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Boy loses girl, gets her back at 82

They were separated on their wedding day 65 years ago and never saw each other again until last November. Now in their 80s, Nina Reynolds and Paul Tarvin have discovered their love never died.

Today, they will marry _ for the second time.

Nina was just 14 and Paul, 16, when the two high school sweethearts eloped. When they returned home, their parents had the marriage annulled, and the two went their separate ways that day in 1927.

"We never got to spend one night together," said Paul.

Each began life anew and enjoyed long, happy marriages to other spouses. Nina and her husband lived on the east side of Cincinnati. Paul and his family lived on the west side.

"I always carried a torch for him, although I was happily married all those years," said Nina, 80. She called her former flame anonymously each year to wish him a happy birthday. "I never forgot him."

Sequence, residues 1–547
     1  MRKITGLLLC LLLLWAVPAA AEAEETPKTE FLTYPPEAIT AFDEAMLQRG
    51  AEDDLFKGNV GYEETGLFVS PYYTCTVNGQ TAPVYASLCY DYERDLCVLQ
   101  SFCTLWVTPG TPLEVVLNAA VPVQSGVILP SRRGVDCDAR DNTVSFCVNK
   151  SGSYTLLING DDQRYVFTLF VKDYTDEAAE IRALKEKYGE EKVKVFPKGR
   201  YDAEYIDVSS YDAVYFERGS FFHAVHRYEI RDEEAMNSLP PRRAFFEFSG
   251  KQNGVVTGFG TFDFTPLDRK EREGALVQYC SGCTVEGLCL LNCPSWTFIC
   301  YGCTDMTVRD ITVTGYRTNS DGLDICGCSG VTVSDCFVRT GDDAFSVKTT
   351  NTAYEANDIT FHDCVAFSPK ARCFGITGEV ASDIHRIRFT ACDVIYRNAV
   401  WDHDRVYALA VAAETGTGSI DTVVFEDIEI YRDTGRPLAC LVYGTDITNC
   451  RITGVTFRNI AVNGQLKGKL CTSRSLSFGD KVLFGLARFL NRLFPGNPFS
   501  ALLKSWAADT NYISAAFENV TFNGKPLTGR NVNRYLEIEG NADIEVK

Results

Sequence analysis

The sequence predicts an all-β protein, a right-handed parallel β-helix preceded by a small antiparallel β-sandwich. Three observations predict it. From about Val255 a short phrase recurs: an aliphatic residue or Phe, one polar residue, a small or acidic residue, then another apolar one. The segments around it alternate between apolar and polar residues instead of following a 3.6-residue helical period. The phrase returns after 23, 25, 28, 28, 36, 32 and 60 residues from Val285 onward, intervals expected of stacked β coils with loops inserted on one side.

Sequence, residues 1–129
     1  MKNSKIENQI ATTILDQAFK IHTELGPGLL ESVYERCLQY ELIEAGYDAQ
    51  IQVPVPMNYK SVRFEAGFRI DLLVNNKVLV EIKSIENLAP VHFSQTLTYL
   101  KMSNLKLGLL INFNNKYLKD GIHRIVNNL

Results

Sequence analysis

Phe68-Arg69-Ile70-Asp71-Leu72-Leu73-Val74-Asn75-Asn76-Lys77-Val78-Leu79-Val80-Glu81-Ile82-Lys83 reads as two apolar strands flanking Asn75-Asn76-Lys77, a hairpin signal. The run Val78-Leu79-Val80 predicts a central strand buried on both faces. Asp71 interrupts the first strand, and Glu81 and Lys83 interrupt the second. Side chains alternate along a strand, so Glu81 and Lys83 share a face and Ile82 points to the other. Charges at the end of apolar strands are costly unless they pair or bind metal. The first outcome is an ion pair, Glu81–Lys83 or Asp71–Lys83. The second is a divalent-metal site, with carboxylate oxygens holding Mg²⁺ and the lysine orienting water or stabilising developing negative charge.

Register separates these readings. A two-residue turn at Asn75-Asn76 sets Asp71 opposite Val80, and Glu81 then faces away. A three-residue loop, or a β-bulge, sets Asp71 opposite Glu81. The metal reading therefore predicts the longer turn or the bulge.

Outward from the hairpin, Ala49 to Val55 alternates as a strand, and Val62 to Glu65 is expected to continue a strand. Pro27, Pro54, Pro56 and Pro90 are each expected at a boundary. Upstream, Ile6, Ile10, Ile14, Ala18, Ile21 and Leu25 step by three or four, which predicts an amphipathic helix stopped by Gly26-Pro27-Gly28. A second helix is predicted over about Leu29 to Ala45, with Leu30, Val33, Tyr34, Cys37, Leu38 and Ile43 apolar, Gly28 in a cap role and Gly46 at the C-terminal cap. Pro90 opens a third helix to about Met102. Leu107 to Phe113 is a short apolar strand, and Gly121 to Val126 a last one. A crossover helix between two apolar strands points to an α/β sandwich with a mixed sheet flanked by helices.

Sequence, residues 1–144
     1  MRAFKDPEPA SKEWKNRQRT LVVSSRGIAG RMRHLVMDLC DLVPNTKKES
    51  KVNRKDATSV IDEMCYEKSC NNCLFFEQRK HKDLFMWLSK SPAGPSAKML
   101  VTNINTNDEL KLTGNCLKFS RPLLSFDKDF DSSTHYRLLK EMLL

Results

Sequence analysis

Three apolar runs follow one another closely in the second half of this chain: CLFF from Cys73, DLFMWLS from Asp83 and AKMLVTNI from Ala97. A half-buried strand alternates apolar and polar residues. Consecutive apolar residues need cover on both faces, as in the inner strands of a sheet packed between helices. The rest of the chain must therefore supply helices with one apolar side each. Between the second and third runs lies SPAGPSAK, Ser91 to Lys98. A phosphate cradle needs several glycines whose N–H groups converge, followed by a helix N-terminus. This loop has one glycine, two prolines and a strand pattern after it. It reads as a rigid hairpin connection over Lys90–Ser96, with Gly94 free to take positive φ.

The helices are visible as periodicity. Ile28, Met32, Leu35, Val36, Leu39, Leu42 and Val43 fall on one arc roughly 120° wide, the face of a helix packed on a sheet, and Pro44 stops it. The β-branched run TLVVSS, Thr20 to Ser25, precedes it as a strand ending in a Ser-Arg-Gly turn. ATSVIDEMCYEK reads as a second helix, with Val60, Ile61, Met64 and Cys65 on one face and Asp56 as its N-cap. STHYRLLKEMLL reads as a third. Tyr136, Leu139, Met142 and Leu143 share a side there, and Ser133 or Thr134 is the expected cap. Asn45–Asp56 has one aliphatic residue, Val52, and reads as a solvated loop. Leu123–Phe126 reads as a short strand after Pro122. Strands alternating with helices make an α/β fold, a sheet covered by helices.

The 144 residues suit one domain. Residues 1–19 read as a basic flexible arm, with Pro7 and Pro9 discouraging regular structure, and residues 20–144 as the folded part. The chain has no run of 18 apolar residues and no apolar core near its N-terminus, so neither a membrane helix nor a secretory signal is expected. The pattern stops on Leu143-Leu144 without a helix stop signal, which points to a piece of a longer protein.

And Paul, 82, says he never forgot Nina.

"I thought of her often over the years. After all, she was my first love."

Nina and her husband, James Reynolds, moved to St. Cloud when he retired in 1968. He died 12 years ago, and she traveled and did volunteer work.

Paul was married 60 years and had three sons before he was widowed last year.

Fate intervened when Nina met Paul's son Richard on a tour in Israel. She ran into Richard again last year at a banquet at his Cincinnati church and learned that his mother had died recently.

Nina decided to contact Paul.

"I called to offer my condolences. I told him this was Mrs. Reynolds, and he said he didn't know a Mrs. Reynolds. I said, "Do you know a Nina?' And he said, "Yes.' "

The two got together at her home Nov. 3.

"It was a funny feeling when I walked up to her door," Paul said. "I hadn't seen her since she was a girl of 14." They've been dating ever since.

Nina said it took a month for Paul to tell her he still loved her and wanted to marry her.

About 250 guests are expected at today's ceremony. There will be lots of real flowers. At their first wedding, they had to make do with artificial flowers.

"I never thought old people fell in love," said Nina. "But I found out they do."

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